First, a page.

Ticker Tape Machine Could Not Keep up With Stock Market Crash of 1929
In 1929, people had “Ticker Tape Machines” on their desks — it was like a telegraph that made a ticking noise as it printed stock quotes. You would get an actual ribbon of paper with stock quotes but during the stock market crash of 1929, the stock ticker machines could not keep up with the volume in trading.
Ticker tape machines were invented in the 1870s, early versions of stock tickers provided the first mechanical means of conveying stock prices (stock quotes), over a long distance over telegraph wiring. Previously, they were hand-delivered via written or verbal messages.
The ticker tape machines printed a series of “ticker symbols” — usually shortened forms of a company’s name, followed by brief information about the price of that company’s stock; the thin strip of paper they were printed on was called ticker tape.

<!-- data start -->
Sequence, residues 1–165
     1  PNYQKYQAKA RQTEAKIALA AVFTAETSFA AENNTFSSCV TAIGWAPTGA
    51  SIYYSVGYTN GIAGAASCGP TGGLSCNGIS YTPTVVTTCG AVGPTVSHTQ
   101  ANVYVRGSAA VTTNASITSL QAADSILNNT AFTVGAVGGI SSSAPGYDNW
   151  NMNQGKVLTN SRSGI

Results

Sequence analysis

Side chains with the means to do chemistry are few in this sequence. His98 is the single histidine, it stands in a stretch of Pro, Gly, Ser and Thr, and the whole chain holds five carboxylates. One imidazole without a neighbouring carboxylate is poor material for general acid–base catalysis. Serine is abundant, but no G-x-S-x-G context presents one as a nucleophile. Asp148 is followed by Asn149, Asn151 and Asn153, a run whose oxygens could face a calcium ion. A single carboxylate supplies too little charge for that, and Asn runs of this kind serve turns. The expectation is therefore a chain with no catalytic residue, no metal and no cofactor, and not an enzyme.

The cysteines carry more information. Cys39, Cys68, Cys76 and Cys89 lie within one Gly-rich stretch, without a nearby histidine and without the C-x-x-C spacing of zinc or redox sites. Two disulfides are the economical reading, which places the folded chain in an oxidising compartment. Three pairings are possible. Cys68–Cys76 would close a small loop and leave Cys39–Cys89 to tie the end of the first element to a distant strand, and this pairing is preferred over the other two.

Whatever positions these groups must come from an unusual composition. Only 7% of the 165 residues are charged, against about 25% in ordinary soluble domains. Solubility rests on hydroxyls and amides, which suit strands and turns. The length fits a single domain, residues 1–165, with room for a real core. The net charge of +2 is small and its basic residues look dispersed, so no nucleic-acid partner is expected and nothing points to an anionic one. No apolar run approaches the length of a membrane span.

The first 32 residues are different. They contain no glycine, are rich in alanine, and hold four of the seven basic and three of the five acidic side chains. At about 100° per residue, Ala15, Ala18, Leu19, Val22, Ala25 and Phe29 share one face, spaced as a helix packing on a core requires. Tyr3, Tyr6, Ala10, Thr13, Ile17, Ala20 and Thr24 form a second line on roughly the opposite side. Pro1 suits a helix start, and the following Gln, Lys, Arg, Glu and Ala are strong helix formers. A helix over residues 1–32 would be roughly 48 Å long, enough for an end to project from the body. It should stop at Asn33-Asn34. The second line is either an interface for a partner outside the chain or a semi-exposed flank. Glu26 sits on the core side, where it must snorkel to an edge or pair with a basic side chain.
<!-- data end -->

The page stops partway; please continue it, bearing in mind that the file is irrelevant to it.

Stock ticker machines are an ancestor of the modern computer printer, being one of the first applications of transmitting text over a wire to a printing device. One of the earliest practical stock ticker machines, Universal Stock Ticker developed by Thomas Edison in 1870, had an alphanumeric printing speed of approximately 1 character per second. A special typewriter designed for operation over telegraph wires was used at the opposite end of the telegraph wire connection to the ticker machine. Text typed on the typewriter got displayed on the ticker machine at the opposite end of the connection. An early analog signaling method was used for text transmission between the typewriter and the stock ticker machine.
Stock ticker machines became obsolete in the 1960s, replaced by computer networks — none have been manufactured for use for decades.
Simulated ticker displays, named after the original machines, still exist as part of the display of television news channels such as CNBC and Bloomberg.